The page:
Finally, I took the 3 fastest configurations and did pgbench runs with those. I was running out of time so I took what looked like the winner (test #9) and additionally tuned readahead and schedules a bit to ensure I got the best combination. pgbench isn’t perfect and there are people who dislike it but it gives us another number to compare and consider along with the raw dd/bonnie++ numbers already known. Keep in mind I am using a PostgreSQL install and pgbench on this new server – not the actual production server. Doing the benchmarks on the actual final server just wasn’t an option. The only significant difference between the benchmark server and the production server is that the latter has 4 times the RAM and has had nontrivial postgresql.conf tuning so I can only assume these numbers would improve a good bit.

I just tweaked a few things in the postgresql.conf file on the benchmark server. The non default values:

  • shared_buffers = 2048MB
  • checkpoint_segments = 10
  • effective_cache_size = 4096MB
  • max_connections = 500
  • work_mem = 20MB
  • maintenance_work_mem = 128MB
  • synchronous_commits = off
  • random_page_cost = 2.0

Note that I did have to increase SHMMAX to get shared_buffers + connections that high. See my PostgreSQL setup post for more information about that.

Between each run I dropped the “test” database and recreated it. I initialized with these commands. Note the different scale factors to get nontrivial data amounts – scale factor 1000 is pretty large but was necessary before I saw the disks working constantly during the benchmarks.

pgbench -i -s 100 -U postgres -d test
pgbench -i -s 1000 -U postgres -d test

Then I ran the tests specifying 40 clients and 10,000 transactions per client in the params. Read more about the pgbench tool for the test differences and what the transactions involve.

Here are the pgbench results. Numbers are transactions/second. Values listed are again the middle of 3 runs. I would have liked to do these pgbench runs on more configs but I again was running out of time and these suckers took a long time to run with all the dropping and re-initializing.

Test# Config# TPC-B s=100 SELECT s=100 TPC-B s=1000 SELECT s=1000
4 1 1580 10885 1224 3655
5 1 1591 10667 1270 3499
6 1 1567 10647 1267 3048
7 1 1551 10656 1202 3478
8 1 1553 10644 1209 3386
9 1 1606 10759 1296 3548
19 3 1581 10743 1311 3269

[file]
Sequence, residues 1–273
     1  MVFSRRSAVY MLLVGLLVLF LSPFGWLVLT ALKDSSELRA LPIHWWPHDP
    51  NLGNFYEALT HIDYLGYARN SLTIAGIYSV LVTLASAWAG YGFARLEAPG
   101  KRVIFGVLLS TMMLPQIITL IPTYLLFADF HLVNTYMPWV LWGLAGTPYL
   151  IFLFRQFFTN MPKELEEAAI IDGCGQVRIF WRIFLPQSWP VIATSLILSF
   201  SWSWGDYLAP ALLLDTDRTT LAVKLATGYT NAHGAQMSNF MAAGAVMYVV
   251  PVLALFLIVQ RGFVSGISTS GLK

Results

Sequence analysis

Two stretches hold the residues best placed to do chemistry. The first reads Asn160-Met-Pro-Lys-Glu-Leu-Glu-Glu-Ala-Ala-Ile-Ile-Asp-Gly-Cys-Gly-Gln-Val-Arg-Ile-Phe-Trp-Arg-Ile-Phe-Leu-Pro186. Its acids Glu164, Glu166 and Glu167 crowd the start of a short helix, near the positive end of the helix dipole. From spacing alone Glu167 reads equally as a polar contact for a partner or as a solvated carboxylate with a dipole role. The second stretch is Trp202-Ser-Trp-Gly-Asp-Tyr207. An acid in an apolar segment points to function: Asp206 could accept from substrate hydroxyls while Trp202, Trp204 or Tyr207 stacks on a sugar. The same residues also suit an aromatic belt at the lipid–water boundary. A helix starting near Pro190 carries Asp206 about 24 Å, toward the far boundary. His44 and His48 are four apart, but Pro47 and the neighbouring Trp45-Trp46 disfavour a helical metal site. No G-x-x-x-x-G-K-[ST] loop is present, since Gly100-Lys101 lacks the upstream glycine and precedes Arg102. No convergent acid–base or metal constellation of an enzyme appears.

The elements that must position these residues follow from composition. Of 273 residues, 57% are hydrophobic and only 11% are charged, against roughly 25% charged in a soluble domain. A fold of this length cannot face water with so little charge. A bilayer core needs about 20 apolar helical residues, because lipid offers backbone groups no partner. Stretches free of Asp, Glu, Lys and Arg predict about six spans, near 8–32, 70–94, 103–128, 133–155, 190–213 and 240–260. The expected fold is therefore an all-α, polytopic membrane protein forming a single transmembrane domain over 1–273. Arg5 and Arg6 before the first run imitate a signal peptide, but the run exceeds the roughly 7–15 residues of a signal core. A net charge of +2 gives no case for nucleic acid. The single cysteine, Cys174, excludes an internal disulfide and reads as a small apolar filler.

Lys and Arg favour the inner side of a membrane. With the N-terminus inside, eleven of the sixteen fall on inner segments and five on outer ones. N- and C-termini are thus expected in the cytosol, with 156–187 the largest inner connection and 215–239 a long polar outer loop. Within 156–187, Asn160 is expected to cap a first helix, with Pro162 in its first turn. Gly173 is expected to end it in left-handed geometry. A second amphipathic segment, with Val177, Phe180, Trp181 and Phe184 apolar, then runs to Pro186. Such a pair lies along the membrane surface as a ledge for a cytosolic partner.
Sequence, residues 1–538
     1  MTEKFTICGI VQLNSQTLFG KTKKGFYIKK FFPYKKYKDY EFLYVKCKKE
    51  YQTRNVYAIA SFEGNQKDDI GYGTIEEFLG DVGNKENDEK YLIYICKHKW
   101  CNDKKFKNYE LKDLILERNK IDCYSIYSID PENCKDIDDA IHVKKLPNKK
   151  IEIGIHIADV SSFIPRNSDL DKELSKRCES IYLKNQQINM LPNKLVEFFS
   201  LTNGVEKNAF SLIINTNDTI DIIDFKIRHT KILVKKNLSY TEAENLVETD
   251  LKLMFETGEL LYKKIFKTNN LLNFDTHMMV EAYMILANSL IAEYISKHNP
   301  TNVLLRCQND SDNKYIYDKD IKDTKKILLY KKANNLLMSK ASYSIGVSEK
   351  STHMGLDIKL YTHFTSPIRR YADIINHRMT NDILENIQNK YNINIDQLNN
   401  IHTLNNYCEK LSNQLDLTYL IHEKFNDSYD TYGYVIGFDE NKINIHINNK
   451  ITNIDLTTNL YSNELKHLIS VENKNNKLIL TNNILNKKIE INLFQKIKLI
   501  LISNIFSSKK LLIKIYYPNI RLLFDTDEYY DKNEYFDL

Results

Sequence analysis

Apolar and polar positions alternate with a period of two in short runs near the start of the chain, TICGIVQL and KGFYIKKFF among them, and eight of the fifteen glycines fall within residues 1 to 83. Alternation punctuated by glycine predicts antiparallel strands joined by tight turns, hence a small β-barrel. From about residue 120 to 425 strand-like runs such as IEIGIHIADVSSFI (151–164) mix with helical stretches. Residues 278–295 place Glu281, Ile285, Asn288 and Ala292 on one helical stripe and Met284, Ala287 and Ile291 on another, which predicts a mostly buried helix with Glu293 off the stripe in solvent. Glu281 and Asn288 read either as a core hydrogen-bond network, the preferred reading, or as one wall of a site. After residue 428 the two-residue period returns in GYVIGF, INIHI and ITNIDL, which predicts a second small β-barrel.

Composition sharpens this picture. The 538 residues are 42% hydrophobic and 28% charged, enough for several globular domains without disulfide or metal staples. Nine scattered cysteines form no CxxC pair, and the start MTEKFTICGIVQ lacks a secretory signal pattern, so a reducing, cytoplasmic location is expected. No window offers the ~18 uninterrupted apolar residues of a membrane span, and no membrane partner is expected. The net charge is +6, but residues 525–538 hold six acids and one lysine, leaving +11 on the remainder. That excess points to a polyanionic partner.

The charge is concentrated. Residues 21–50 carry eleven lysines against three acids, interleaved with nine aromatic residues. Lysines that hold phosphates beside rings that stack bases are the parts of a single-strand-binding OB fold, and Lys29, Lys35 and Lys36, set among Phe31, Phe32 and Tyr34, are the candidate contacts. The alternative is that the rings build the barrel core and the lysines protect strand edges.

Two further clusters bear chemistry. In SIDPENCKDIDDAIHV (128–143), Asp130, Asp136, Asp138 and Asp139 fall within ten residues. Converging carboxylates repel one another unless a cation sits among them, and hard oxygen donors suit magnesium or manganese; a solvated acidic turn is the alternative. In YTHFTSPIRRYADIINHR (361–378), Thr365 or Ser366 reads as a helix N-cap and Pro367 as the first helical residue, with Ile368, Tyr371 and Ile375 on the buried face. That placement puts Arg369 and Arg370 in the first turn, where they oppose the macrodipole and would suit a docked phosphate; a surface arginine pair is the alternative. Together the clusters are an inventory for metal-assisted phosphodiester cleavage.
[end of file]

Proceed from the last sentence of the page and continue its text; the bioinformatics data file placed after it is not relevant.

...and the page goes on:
34 6 1563 10677 1323 3156

  

Observations:

These pgbench tests were mostly a wash. But that isn’t a big surprise considering I only compared the 3 best configurations that were close in the dd/bonnie++ tests. Really wish there had been time to get some other configs in that table to see the difference. The #9 config did well with a top 3 number in all 4 tests.

Conclusion

I went with setup #9. Pure hardware raid 10. It won almost all tests (with the striped raid 10s being the only real competitors) and pure hardware raid is super easy to configure, maintain, and monitor.

More generally this MD1120 performs pretty well, especially for the relatively low price. As a quick note on price buying one of these MD1120s as configured above along with a PowerEdge 1950 with 16GB RAM and a Perc6/E card to connect them would cost less than $15k (about $540/mo for a $1 36mo lease) depending on the configuration and the deal you got. You could probably even shave a few thousand off that number if you got a real good deal.

If you do buy stuff from Dell be sure to get in touch with a small business sales team. They can offer nontrivial discounts on the price you can finagle in their online shopping cart, you get to talk to the same people every time you place an order, it gives you a contact if you have questions or run into issues with technical support, and it just generally is the way to go.

This MD1120+Perc6/E combo is connected to our existing DB server now and all I will say is performance is excellent. I am seeing zero query backup, barely any IO wait reported by vmstat, and hugely impressive random IO spikes when load gets heavy (though we haven’t gotten close to maxing out so who knows how high it could go). And, thanks to all this testing, I feel really good about having the optimal configuration for the hardware out there doing work.

3 Responses
  1. Tom permalink
    July 20, 2009

    Can I pay you to run some benchmarks with this gear?

  2. July 21, 2009

    Hey Tom, would love to be able to help you out but this fella is in production now and its a 24/7 environment. I’ll shoot you an email if we end up with another one anytime soon as I enjoy benchmarking this stuff and getting numbers out there – its hard to find real numbers from the manufacturers.